The results of a recently ended round of a COVID-19 prevalence study led by the University of Tartu (TÜ) show that the number of people infected with the SARS-CoV-2 virus has remained on the decline for the third month in a row.
From June 1-13, a total of 2,496 adults were tested for the COVID virus, 2.5 percent of whom tested positive. Two thirds of those infected had already had COVID and were no longer infectious; nearly one third were still contagious, according to a TÜ press release.
Survey lead Ruth Kalda, professor of family medicine at TÜ, estimates that one person in every 38 is currently infected with the COVID virus. This is down one third from May, and the number of infectious cases with clear symptoms has decreased as well.
2,439 adults provided blood samples to determine the presence and amount of COVID-19 antibodies; 87 percent of those tested had antibodies present in their blood.
According to Kalda, the percentage of adults with COVID antibodies has remained stable since March.
"Given the slow uptake of new vaccinations, this result is quite expected," she said.
This study also confirmed that antibodies persist longer in vaccinated people than in those who have had the disease: nearly all of those vaccinated had antibodies present, compared with three quarters of those who had had COVID. According to researchers, those who have both had COVID and also been vaccinated are best protected against new infections.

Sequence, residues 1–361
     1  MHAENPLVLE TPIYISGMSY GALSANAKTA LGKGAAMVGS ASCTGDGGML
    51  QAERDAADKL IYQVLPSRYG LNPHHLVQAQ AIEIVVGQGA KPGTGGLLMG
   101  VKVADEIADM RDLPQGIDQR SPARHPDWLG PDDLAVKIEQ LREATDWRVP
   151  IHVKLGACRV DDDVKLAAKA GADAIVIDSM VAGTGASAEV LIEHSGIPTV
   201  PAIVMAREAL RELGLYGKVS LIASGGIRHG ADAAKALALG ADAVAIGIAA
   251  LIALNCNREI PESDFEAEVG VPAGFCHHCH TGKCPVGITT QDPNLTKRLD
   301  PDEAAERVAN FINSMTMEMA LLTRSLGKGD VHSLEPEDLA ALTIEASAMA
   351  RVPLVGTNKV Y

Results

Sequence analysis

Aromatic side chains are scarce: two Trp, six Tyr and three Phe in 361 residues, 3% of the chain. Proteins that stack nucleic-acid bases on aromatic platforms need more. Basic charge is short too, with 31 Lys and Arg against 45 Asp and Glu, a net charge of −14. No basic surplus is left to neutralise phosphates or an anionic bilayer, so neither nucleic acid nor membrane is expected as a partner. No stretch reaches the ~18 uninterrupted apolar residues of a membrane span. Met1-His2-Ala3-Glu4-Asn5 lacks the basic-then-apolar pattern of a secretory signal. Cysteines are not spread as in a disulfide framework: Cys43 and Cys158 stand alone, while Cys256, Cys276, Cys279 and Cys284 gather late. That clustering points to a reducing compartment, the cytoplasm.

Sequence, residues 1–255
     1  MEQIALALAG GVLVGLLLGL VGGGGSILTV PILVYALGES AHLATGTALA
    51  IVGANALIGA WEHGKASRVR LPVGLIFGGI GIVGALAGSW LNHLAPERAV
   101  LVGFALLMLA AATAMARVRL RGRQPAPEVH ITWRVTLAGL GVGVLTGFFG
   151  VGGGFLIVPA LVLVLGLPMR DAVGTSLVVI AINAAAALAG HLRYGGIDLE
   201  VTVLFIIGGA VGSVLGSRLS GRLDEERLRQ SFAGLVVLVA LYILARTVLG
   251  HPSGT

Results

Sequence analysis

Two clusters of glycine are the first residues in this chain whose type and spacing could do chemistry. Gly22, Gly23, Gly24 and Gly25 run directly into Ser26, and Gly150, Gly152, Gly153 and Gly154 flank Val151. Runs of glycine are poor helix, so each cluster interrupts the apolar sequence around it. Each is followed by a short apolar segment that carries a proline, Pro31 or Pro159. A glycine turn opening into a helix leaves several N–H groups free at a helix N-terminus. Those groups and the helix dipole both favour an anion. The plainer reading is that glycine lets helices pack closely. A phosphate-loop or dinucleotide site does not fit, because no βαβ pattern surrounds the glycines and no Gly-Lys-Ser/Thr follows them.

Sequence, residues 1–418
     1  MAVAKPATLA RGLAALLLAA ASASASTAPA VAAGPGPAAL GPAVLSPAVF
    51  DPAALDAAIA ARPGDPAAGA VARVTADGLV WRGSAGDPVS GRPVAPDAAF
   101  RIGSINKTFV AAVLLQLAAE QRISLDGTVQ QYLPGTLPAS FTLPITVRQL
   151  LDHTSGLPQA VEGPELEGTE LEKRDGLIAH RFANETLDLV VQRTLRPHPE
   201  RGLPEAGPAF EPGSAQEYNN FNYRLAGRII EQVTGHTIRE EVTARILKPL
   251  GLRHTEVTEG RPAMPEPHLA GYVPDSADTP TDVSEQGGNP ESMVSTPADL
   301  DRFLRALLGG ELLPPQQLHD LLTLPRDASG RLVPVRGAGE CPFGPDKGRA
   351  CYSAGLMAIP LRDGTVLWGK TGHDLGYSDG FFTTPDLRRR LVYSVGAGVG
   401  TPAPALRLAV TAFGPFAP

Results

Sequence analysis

Booster doses shouldn't wait
Although it is summer, outbreaks of a new variant of the Omicron strain of COVID are already being reported in Europe, and it is likely that Estonia will not remain unaffected, Kalda said.
This is why TÜ Professor of Public Health Mikk Jürisson, chief executive of the study, considers it vital that people in risk groups get booster doses of the vaccine before fall already.
The results of the behavioral study conducted in the course of the prevalence survey indicated that willingness to get a booster dose varies considerably by age group. Overall, one in three adults without a booster dose expressed willingness to get one, while 40 percent of older people confirmed plans to do so.
The COVID-19 prevalence study is carried out by a broad-based research group at TÜ in cooperation with Synlab, Medicum and pollster Kantar Emor, and is the only study in Estonia to provide an overview of the actual prevalence of the SARS-CoV-2 virus in the adult population.
The study is funded by the European Regional Development Fund from the EU measure to respond to the COVID-19 pandemic.
The next round of the study is planned for August.
Editor: Aili Vahtla